Kong vs Legacy API Management Systems
In an earlier era of software development, Legacy API Management solutions helped address an essential problem: How can developers provide access to externally consumable third-party APIs? Initially, software applications were fundamentally monolithic in design, and intra-function calls were handling the internal communication between different, rather than external APIs. Kong has resolved these communication challenges, being built on a lightweight proxy to deliver unparalleled latency, performance, and scalability for all microservice applications regardless of where they run. It also allows you to control API traffic with Kong’s plugin architecture.
Benefits & Features of Kong
- Scalable: By adding more parallel machines, Kong servers can quickly scale horizontally. It’s also possible to upgrade the overall system to handle any load while keeping latency low.
- Modular: By adding new plugins, Kong can be modularized and easily configured with the RESTful Admin API.
- Runs Everywhere: It can run on the cloud or virtual machine, independent of what environment is available to execute over.
What is Kuma?
Kuma is a platform-agnostic, open-source control plane for service mesh and microservices. It can be executed natively environments like Kubernetes and VM, making it very easy to handle and useful. Kuma can use L4/L7 connectivity to secure, monitor, route and improve communication between a backend service and database. It can be used traditionally in Kubernetes with CRDs or with RESTful API in other environments such as VMs and Bare Metal.
What Kuma Does?
Applications make many requests to communicate with other services in the system like databases, caches, and microservices. However, by default, the network is insecure and unreliable and can introduce notable challenges to any modern environment like routing, tracing, and security. To build L4/L7 connectivity among services and applications, Kuma is the best way. It reduces the code that application teams have to write while improving the reliability, enabling faster delivery of software modules, and upgrading the overall architecture security with minimal effort.
Let’s take the practical example here: every API in the software system needs to be protected to make it secure. On top, APIs need to be logged, tracked, and monitored to communicate exceptions to the relevant stakeholders. Specially the logs help developers to resolve issues and improve overall system performance. One way is to build a Smart client with extra development work to communicate with the outer world to achieve all of the above. On the other side, service mesh like Kuma comes into the picture to avoid reinventing the wheel and save the development cost. Service mesh setup is an outbox proxy along with backend services. This proxy intercepts every outgoing request that the system makes. The more decoupled the code, the more intra-system requests it will make. And that same proxy will receive the response that outer services are sending back to the system. The service mesh takes care of making outbound and inbound requests. As a result, it maintain logs, tracks and monitors for all API exceptions.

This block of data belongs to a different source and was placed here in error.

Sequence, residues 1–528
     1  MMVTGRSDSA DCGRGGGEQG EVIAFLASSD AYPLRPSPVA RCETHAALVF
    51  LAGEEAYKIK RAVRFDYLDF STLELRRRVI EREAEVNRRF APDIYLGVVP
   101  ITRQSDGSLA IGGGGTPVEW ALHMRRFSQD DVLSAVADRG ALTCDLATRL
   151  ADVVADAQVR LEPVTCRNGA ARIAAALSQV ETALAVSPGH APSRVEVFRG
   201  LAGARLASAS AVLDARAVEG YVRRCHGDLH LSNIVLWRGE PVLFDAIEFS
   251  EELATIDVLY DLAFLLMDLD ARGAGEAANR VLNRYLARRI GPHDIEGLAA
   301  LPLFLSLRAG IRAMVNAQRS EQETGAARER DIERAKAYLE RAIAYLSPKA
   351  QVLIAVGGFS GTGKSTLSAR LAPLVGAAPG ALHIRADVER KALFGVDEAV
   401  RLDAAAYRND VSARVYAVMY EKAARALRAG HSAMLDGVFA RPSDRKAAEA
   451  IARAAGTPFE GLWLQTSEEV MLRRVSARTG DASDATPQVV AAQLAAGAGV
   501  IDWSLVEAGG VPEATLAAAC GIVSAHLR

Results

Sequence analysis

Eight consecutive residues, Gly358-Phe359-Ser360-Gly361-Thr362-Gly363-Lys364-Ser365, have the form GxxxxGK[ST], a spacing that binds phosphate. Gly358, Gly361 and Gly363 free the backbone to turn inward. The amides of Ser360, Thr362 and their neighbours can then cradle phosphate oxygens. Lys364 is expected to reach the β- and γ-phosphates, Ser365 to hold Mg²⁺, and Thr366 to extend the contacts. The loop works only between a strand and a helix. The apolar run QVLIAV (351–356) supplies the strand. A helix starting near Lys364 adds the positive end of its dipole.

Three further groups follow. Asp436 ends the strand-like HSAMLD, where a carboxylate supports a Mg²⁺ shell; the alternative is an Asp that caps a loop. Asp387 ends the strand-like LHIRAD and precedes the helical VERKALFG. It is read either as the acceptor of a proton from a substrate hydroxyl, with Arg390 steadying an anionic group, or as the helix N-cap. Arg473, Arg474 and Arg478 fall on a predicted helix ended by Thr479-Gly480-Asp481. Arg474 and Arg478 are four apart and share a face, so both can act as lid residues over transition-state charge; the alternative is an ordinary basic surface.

Benefits & Features of Kuma
Although Kuma is a recent phenomenon trending in the community, it is for a good but simple reason. Essentially, all it does is make sure connectivity issues are fixed and the connections are secure. Below are a few critical features of Kuma that have helped see it grow in popularity:
- Identify requests loads directed towards specific APIs.
- Implement traffic permissions and security to enhance the overall system efficiency.
- Logging network traffic coming to the server, supporting decision making on systems scalability.
- Kong gateway integration and with the help of Kuma, you can track the request’s complete lifecycle.
Today, we learned that Fastify has emerged as the fastest framework of Node.js to date (no pun intended). Many renowned IT companies worldwide have endorsed and started using it for their backend application development. In fact, most would agree it has already made a name for itself in this technologically advanced world on its progression to become a leading framework. We also discussed how Kong and Kuma and their list of features inspire the development community, both having addressed significant connectivity challenges as of late, making sure and working towards better managed and secure system connectivity. But is the new better than what preceded them in these cases?
While I stand by my lesson that new is not always better, I have also learned that preference and project can play a big part in selecting tools and technology, which is why there may not always be “better,” rather, just better-suited options and better-informed decisions. And after this article, it is my hope you will be able to do just that – make a better-informed decision.
The above was written in collaboration with Uzi Murad, Account Executive, and Kashif Rizwan, Software Development Manager, both of mobileLIVE.